servant" concept, i.e. the alternate employer is borrowing the employee's services from his or her employer. Like a borrowed servant endorsement, an alternate employer endorsement keeps the liability with the normal employer and extends the normal employers' coverage to the borrower or alternate employer. A similar endorsement may be possible to use to cover the liability of an uninsured vessel. Discussion and Q&A session One concern of a vessel owner is the vessel or vessel's crew being protected from injury due to an observer's actions. There was uncertainty whether having an MEL policy, where the vessel is listed as an additional insured, solves this problem. Q: What is the difference between Commercial General Liability (CGL) and MEL? CGL is liability coverage for being "in existence." For example, if someone is hurt on your property, or if you cause a third party injury, it provides coverage. MEL deals with the employer-employee relationship, and those causes of actions in the marine environment, but not any contractual actions. A CGL policy would not cover an accident caused by an employee on a vessel, but a Marine Employer's Liability policy could be fashioned this way (i.e. like covering exposures of a stevedore, wharf owner, or ship repairer). Vessel owners have complained about the risk of exposure, claiming if they put an

additional person on board, they violate their warranty. It has been reported that the added cost is very high, as much as $1,500 per crewman per month. Additionally, observers participating in crew-like activities could possibly void a vessel's warranty or coverage. It was again noted that observers do undertake work that is similar to that undertaken by the crew, as they interact substantially with crew. For instance, an observer might have to direct the crew to assist efforts like tagging a turtle. Sometimes just to work harmoniously on a boat, an observer has to assist more directly with the fishing effort. Education in the P&I marketplace could help reduce costs. This could be done through brokers or P&I underwriters. If it were shown that the observer service provider is already carrying liability coverage, it may reduce the additional costs for a fishing vessel. Q: On what basis would the risks be rated? Is it good to use observer history? There is a great need to distinguish the actual risks of having an observer on board compared to a Jones Act seaman. Unfortunately, statistics are not well kept in all areas of the marine industry. Loss statistics from across the nation would be critical for establishing a realistic rate base. However, for short-term observer needs, some companies may have a flat minimum charge, and other companies may not charge anything. In reality, fees will likely range greatly. In New England, insurance costs caused an increase of about 10% in total costs to the observer program. The vessel owner's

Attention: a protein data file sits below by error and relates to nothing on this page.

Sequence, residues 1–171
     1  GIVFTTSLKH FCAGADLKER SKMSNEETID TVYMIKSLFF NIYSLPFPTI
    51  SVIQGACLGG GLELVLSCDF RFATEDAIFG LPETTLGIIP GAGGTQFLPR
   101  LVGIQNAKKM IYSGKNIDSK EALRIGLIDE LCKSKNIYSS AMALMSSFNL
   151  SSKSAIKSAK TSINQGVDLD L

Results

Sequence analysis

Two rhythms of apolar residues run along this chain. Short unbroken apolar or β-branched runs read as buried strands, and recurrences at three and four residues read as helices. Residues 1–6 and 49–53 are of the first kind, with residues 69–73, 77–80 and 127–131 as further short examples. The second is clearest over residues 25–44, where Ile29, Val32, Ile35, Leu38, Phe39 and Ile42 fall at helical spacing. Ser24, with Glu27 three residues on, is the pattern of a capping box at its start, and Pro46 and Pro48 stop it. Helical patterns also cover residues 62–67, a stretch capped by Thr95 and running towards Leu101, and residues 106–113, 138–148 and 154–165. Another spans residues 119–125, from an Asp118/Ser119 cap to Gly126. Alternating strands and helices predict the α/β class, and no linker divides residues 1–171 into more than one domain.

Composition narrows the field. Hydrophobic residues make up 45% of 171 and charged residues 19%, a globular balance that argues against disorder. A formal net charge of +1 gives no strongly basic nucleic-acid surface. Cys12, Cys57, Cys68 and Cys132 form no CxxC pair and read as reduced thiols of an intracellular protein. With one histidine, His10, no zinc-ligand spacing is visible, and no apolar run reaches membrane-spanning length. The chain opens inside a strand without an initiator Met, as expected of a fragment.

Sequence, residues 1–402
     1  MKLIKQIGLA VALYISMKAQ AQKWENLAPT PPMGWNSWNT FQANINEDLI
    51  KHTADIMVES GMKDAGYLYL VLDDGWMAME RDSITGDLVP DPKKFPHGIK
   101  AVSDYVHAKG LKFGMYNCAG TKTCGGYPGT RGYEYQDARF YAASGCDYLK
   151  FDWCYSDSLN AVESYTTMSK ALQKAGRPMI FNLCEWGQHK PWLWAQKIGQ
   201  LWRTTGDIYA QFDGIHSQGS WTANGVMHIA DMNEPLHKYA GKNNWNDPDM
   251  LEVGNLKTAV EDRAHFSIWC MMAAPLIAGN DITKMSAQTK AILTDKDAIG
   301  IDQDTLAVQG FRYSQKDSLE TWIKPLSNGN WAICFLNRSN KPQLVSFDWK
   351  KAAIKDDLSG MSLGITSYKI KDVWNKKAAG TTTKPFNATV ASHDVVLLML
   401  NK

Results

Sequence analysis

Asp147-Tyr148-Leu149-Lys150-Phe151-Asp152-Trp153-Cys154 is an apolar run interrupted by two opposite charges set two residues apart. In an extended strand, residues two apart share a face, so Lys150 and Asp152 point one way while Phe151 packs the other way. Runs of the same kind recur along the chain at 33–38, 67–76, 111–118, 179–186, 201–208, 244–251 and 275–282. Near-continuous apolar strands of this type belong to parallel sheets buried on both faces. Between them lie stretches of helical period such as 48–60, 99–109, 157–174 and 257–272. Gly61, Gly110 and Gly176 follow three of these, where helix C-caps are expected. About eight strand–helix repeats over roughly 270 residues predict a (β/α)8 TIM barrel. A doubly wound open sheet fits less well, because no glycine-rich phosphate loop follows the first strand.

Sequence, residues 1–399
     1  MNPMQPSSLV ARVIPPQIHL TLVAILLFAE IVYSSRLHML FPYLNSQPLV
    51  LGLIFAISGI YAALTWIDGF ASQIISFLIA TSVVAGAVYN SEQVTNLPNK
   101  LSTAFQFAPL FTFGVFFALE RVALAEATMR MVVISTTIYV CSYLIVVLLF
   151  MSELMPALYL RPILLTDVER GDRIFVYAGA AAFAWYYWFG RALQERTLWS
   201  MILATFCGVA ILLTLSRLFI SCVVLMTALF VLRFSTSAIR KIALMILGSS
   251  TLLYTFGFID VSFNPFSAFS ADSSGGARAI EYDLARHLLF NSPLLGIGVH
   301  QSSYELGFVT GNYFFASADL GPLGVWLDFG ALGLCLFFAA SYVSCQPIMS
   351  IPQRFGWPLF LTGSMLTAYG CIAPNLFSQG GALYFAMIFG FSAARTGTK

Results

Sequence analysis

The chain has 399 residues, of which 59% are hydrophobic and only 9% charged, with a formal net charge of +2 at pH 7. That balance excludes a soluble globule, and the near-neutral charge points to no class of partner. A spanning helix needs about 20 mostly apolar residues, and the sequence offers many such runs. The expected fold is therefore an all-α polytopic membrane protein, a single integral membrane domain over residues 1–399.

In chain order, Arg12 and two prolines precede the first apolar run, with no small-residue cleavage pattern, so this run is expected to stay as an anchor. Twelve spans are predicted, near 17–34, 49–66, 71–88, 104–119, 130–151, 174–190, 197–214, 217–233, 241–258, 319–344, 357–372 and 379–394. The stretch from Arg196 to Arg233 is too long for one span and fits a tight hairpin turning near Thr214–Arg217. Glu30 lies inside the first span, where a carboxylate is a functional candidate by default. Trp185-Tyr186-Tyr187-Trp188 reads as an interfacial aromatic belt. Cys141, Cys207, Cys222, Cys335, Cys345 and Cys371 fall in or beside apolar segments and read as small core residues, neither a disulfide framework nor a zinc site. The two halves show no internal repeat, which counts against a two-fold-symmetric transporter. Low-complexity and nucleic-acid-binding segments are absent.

Fisheries Observers Insurance, Liability, and Labor Workshop

55

MEL insurance provides protection to the observer service provider. P&I coverage extends upwards from the vessel hull. Generally, a policy has a general liability component, for damages such as from running into another vessel, fixed object, or something similar. MEL is a subset of the exposures that can be added to a P&I policy. MEL usually is an endorsement to a compensation policy or to a P&I policy (like wreck removal). Each vessel requires an individual policy, though they are sometimes bundled under a fleet policy. Under a standard vessel's P&I, an observer is already covered. P&I typically provide coverage for "guests." But sometimes, these policies have added cost components if the guest goes to sea, and can be excluded if the guest (observer) acts as a crewman. Some policies may set a crew warranty (number of people on board), thus, a vessel generally should not go over that limit. There are two separate issues a vessel owner needs to consider: if it is already covered under its current exposure, or if the risk changes by having an additional person on board, which may increase the rate. Generally, neither an observer service provider nor NOAA Fisheries have an insurable interest in a vessel, and therefore cannot extend their P&I coverage to the vessel. Therefore, extending P&I to uninsured vessels is not a feasible option, except possibly under the context of an "alternate employer." This needs to be investigated. In the Northwest, it was determined by observer program staff that P&I and MEL were redundant as a requirement for

observer service providers. Thus, NOAA Fisheries dropped the P&I requirement, and required observer service providers to have a CGL policy. Q: Regarding safety, is there any potential for rates to be reduced if the vessel is required to participate in the U.S. Coast Guard voluntary commercial fishing vessel safety inspection program or the underwriter is made aware of the fact that observers are required to go through safety training? Additional training or safety requirements such as these could potentially help to reduce insurance costs, but this is uncertain. A U.S. Coast Guard safety sticker would probably not make any difference, because all vessels should minimally meet the same safety requirements by law. A vessel safety sticker does not cover other important risk issues such vessel stability, safety around fishing gear, etc. However, other activities by a company such as requiring drug testing, special training of crew, etc., should be of significant interest to the underwriter. A Marine Index exists, and vessel operators are required to notify the Index of casualties or accidents at sea. Form 2692 has to be filed with the local U.S. Coast Guard Marine Safety Office (MSO) in the event of an accident on a vessel or to a seaman. Vessel number in the Coast Guard's database can search data on casualties. NOAA Fisheries could potentially use these data to help to identify unsafe vessels.